Document Detail


Low levels of physical activity increase metabolic responsiveness to cold in a rat (Rattus fuscipes).
MedLine Citation:
PMID:  20885954     Owner:  NLM     Status:  MEDLINE    
Abstract/OtherAbstract:
BACKGROUND: Physical activity modulates expression of metabolic genes and may therefore be a prerequisite for metabolic responses to environmental stimuli. However, the extent to which exercise interacts with environmental conditions to modulate metabolism is unresolved. Hence, we tested the hypothesis that even low levels of physical activity are beneficial by improving metabolic responsiveness to temperatures below the thermal neutral zone, thereby increasing the capacity for substrate oxidation and energy expenditure.
METHODOLOGY/PRINCIPAL FINDINGS: We used wild rats (Rattus fuscipes) to avoid potential effects of breeding on physiological phenotypes. Exercise acclimation (for 30 min/day on 5 days/week for 30 days at 60% of maximal performance) at 22°C increased mRNA concentrations of PGC1α, PPARδ, and NRF-1 in skeletal muscle and brown adipose tissue compared to sedentary animals. Lowering ambient temperature to 12°C caused further increases in relative expression of NRF-1 in skeletal muscle, and of PPARδ of brown adipose tissue. Surprisingly, relative expression of UCP1 increased only when both exercise and cold stimuli were present. Importantly, in sedentary animals cold acclimation (12°C) alone did not change any of the above variables. Similarly, cold alone did not increase maximum capacity for substrate oxidation in mitochondria (cytochrome c oxidase and citrate synthase activities) of either muscle or brown adipose tissue. Animals that exercised regularly had higher exercise induced metabolic rates in colder environments than sedentary rats, and temperature induced metabolic scope was greater in exercised rats.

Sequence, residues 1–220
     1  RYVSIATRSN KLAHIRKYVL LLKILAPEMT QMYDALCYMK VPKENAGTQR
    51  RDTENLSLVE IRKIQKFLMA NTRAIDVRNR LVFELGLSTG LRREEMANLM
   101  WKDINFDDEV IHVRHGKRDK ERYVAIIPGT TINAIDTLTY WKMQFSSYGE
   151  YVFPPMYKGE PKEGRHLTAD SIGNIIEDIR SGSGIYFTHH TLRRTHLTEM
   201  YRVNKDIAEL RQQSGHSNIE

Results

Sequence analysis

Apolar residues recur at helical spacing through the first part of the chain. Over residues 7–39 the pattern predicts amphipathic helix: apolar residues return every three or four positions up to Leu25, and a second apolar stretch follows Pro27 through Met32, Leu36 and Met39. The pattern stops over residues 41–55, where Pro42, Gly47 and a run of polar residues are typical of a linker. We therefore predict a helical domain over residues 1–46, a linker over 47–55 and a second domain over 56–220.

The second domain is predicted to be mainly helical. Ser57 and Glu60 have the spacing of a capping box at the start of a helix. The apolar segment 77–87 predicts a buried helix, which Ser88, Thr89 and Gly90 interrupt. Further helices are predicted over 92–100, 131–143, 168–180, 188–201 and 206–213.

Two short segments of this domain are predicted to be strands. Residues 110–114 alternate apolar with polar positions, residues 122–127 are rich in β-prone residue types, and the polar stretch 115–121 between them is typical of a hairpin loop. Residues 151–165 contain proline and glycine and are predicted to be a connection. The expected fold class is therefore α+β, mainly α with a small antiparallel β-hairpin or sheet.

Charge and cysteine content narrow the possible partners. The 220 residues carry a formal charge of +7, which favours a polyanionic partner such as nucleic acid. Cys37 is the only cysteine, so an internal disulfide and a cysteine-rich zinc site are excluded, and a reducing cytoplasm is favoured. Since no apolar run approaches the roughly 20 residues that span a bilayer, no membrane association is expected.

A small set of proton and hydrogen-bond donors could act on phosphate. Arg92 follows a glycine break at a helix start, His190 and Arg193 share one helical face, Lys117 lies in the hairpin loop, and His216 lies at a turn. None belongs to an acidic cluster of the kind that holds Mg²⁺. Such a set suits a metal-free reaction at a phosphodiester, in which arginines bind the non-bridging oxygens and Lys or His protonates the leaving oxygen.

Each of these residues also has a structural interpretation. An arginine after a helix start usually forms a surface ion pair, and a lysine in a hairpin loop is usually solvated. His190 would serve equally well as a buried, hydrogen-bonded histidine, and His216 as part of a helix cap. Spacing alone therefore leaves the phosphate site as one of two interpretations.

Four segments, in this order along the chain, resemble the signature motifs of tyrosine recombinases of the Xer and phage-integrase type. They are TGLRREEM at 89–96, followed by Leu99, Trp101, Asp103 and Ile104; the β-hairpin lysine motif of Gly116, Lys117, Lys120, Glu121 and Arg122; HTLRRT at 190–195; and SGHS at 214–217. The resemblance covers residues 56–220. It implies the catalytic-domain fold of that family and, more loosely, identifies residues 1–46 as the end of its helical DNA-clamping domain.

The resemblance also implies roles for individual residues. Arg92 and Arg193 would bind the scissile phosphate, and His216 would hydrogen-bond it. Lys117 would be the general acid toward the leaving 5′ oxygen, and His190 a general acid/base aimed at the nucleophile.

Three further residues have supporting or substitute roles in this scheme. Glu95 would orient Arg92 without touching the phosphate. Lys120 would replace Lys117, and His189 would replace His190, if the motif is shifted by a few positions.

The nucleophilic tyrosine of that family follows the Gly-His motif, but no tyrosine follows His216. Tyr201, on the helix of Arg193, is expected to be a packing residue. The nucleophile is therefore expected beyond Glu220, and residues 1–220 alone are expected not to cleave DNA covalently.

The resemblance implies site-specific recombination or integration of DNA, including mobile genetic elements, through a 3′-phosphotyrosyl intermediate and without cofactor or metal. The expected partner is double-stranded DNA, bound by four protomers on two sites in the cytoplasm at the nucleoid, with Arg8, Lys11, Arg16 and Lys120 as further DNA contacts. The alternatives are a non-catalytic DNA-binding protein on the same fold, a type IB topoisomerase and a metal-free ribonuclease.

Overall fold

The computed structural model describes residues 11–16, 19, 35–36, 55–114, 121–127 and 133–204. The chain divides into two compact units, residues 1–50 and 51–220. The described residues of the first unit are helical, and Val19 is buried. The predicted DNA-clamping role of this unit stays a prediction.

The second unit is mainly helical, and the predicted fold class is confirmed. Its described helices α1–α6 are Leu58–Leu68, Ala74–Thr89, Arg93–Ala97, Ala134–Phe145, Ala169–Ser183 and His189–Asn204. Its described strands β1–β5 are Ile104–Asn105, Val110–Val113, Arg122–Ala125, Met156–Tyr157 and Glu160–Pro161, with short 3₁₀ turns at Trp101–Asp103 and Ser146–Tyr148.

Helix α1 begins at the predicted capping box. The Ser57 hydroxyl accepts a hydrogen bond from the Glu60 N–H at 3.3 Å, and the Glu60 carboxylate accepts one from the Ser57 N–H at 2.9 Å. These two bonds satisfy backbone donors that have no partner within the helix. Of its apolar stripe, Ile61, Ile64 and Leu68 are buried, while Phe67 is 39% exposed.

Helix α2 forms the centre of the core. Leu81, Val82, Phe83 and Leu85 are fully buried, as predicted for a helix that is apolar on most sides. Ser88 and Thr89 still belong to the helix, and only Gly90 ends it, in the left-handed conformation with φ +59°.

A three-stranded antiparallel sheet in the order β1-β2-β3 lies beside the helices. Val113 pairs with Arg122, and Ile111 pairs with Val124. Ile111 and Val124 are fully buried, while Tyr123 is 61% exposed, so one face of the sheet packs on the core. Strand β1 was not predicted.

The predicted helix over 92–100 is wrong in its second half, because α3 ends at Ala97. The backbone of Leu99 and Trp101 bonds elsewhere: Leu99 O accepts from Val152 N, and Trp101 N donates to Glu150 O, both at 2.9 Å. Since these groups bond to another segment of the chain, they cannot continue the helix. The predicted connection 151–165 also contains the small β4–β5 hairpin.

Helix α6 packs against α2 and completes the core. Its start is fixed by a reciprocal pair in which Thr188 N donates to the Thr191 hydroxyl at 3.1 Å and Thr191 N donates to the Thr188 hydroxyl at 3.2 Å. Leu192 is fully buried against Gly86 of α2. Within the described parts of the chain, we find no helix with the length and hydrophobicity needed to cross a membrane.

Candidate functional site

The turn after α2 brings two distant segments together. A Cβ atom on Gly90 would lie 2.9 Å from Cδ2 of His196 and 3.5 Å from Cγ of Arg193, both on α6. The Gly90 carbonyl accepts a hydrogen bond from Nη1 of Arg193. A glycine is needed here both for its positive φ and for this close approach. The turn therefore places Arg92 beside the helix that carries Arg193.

CONCLUSIONS/SIGNIFICANCE: Physical activity is a necessary prerequisite for the expression of transcriptional regulators that influence a broad range of physiological functions from energy metabolism to cardiovascular function and nutrient uptake. A sedentary lifestyle leads to decreased daily energy expenditure because of a lack of direct use of energy and a muted metabolic response to ambient temperature, which can be reversed even by low levels of physical activity.
Authors:
Frank Seebacher; Elsa J Glanville
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Publication Detail:
Type:  Journal Article; Research Support, Non-U.S. Gov't     Date:  2010-09-27
Journal Detail:
Title:  PloS one     Volume:  5     ISSN:  1932-6203     ISO Abbreviation:  PLoS ONE     Publication Date:  2010  
Date Detail:
Created Date:  2010-10-04     Completed Date:  2011-02-18     Revised Date:  2013-07-03    
Medline Journal Info:
Nlm Unique ID:  101285081     Medline TA:  PLoS One     Country:  United States    
Other Details:
Languages:  eng     Pagination:  e13022     Citation Subset:  IM    
Affiliation:
Integrative Physiology Research Group, School of Biological Sciences, The University of Sydney, Sydney, New South Wales, Australia. frank.seebacher@sydney.edu.au
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MeSH Terms
Descriptor/Qualifier:
Acclimatization
Adipose Tissue, Brown / metabolism
Animals
Cold Temperature
Energy Metabolism*
Female
Gene Expression Regulation
Ion Channels / genetics,  metabolism
Male
Mitochondrial Proteins / genetics,  metabolism
Motor Activity*
Muscle, Skeletal* / metabolism
Nuclear Respiratory Factor 1 / genetics,  metabolism
Rats / genetics,  physiology*
Thermosensing*
Chemical
Reg. No./Substance:
0/Ion Channels; 0/Mitochondrial Proteins; 0/Nrf1 protein, mouse; 0/Nuclear Respiratory Factor 1; 0/mitochondrial uncoupling protein
Comments/Corrections

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